FDA Proposes Tanning Bed Ban for Teens

tanning bed regulations for teens

Earlier this month the U.S. Food and Drug Administration (FDA) announced proposed regulations that would ban children under 18 from patronizing indoor tanning facilities and would require adult customers to sign strongly worded new consent forms every six months. The FDA says tanning beds and sun lamps can cause skin cancer, burns, and eye damage. "Today's action is intended to help protect young people from a known and preventable cause of skin cancer and other harms," says acting FDA Commissioner Stephen Ostroff in a statement. "Individuals under 18 years are at greatest risk of the adverse health consequences of indoor tanning."

The public has 90 days to comment on the new rules. After that, the FDA could make them official. The proposed regulations also require new safety features. And the FDA, which regulates the tanning beds and sunlamps as medical devices, said it would force manufacturers to make already required warning labels more prominent, add a panic button to turn the lamp off, and make other safety modifications.

Medical groups immediately applauded the aggressive moves, which come about 18 months after the FDA put new warning labels on the devices used by millions of people (1.6 of which are minors) each year at tens of thousands of tanning salons, health clubs and other facilities. "The FDA's long-awaited tanning device proposals are an important step that will help to reduce skin cancer diagnoses and deaths," the American Cancer Society's Cancer Action Network, which advocates in Washington on health issues, said in a statement. "We commend the FDA for educating the public about the dangers of exposure to harmful ultraviolet radiation and restricting use for our nation's youth. Indoor tanning devices are not safe."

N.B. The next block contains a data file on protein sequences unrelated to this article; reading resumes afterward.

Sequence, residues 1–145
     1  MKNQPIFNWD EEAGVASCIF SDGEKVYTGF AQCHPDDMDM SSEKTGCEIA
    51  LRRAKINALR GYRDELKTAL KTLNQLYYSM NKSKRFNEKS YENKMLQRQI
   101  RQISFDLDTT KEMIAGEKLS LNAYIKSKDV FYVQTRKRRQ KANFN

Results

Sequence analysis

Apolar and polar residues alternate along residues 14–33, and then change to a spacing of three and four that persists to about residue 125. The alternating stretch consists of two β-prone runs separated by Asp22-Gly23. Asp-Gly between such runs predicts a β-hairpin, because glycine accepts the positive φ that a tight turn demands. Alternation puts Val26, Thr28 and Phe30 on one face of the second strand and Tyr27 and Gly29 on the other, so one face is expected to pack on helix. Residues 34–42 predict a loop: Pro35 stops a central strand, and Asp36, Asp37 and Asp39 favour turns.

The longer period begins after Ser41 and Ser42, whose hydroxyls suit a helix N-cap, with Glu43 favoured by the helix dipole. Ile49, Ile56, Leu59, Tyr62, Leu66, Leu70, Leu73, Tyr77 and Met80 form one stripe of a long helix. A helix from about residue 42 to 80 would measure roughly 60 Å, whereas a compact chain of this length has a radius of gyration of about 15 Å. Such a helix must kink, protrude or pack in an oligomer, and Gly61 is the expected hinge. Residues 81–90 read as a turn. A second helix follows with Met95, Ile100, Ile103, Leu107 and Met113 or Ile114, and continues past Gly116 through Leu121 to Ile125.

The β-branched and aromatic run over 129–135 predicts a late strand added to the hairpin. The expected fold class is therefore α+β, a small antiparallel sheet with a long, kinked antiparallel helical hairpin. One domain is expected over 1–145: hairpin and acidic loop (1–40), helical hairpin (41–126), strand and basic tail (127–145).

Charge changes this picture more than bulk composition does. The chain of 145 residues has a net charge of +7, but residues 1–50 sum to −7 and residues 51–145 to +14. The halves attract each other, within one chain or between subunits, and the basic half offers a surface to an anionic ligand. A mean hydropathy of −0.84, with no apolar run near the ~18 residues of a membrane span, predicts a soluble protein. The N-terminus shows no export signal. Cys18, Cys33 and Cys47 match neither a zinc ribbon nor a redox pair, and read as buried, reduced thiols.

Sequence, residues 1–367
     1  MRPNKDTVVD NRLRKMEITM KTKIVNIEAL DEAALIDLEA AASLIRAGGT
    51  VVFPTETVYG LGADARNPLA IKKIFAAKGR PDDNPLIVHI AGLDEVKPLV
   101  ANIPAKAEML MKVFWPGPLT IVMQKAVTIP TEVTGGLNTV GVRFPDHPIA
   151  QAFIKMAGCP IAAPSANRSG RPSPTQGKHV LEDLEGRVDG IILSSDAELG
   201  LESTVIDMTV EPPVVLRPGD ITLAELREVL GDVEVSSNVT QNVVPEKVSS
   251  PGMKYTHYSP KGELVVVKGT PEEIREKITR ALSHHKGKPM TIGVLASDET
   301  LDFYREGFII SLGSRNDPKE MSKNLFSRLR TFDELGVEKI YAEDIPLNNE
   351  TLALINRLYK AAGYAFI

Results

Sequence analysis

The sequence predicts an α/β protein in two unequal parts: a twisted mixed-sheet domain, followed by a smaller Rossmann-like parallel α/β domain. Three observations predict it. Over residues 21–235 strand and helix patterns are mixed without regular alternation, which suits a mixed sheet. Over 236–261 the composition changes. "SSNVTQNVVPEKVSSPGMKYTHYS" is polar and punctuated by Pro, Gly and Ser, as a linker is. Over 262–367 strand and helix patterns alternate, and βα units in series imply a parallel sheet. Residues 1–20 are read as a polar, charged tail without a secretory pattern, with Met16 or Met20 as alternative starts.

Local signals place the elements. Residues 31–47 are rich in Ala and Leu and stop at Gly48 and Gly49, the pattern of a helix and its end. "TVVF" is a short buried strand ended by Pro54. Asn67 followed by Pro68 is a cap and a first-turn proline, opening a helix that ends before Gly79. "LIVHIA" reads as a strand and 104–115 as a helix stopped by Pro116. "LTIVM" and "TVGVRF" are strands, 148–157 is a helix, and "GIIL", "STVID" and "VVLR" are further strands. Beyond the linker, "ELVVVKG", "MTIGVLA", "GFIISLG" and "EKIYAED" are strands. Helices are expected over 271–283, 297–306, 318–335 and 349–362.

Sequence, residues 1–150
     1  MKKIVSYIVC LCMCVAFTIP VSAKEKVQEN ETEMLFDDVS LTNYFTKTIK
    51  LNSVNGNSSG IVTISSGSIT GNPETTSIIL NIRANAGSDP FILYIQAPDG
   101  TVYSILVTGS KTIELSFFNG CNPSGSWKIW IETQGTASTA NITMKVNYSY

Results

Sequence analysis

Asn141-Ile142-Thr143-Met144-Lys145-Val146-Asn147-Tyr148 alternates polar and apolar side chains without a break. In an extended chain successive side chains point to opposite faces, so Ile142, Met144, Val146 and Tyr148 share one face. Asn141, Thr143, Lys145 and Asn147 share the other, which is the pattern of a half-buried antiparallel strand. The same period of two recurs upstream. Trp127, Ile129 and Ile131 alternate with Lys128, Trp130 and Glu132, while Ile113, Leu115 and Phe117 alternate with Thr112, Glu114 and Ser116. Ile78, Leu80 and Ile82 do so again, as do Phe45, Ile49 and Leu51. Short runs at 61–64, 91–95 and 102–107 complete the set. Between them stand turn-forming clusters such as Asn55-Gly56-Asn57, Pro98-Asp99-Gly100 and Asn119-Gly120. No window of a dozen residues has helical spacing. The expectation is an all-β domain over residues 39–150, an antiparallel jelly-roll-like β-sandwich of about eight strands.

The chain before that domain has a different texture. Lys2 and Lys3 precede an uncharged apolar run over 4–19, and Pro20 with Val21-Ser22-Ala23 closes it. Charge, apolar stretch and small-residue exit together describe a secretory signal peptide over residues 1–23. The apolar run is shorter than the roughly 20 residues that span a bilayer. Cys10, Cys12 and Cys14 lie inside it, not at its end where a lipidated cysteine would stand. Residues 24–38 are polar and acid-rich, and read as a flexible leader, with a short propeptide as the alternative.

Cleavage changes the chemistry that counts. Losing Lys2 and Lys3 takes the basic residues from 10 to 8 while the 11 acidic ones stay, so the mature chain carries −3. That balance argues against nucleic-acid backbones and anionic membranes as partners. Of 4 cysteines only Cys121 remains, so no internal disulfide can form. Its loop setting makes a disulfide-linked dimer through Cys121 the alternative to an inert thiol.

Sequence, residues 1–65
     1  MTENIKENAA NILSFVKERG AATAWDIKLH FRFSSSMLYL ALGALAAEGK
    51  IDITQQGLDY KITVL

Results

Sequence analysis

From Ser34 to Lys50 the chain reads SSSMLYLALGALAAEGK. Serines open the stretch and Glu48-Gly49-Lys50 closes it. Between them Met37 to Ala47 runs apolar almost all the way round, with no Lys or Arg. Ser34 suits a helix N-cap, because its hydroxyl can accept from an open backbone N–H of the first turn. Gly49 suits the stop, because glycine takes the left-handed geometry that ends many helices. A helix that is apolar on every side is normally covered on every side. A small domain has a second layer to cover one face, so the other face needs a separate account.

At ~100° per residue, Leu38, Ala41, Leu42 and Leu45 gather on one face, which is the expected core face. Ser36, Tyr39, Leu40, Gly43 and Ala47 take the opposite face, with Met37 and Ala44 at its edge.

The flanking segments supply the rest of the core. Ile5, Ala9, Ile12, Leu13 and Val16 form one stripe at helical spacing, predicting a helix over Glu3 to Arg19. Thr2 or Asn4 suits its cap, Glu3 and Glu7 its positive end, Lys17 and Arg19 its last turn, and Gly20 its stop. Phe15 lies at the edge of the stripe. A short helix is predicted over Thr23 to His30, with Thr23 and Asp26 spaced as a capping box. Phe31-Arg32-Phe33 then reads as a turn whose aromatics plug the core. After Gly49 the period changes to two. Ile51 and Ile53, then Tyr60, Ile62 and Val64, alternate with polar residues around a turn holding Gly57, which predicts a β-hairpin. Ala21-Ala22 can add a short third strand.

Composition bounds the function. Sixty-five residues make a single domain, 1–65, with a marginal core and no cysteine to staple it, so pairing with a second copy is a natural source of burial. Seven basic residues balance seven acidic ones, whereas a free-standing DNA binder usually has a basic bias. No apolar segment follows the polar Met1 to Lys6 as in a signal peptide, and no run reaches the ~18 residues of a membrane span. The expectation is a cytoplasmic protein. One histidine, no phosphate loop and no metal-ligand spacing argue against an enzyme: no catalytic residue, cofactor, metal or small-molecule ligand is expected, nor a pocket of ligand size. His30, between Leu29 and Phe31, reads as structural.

Indoor tanners are 59 percent more likely than non-users to develop melanoma, the most dangerous form of skin cancer, according to the American Academy of Dermatology. Intermittent exposures to intense UV radiation leading to sunburns, especially in childhood and teen years, increase the risk of melanoma, according to NCI.

The Indoor Tanning Association, representing many tanning bed manufacturers and salon owners, said in a statement that the proposed rules are unneeded: "The indoor tanning industry is heavily regulated at both the federal and state levels and our customers are well aware of the potential risks of over exposure."  The group said that "the decision regarding whether or not a teen suntans, whether indoors or outside, is a decision for his/her parents, not the government."

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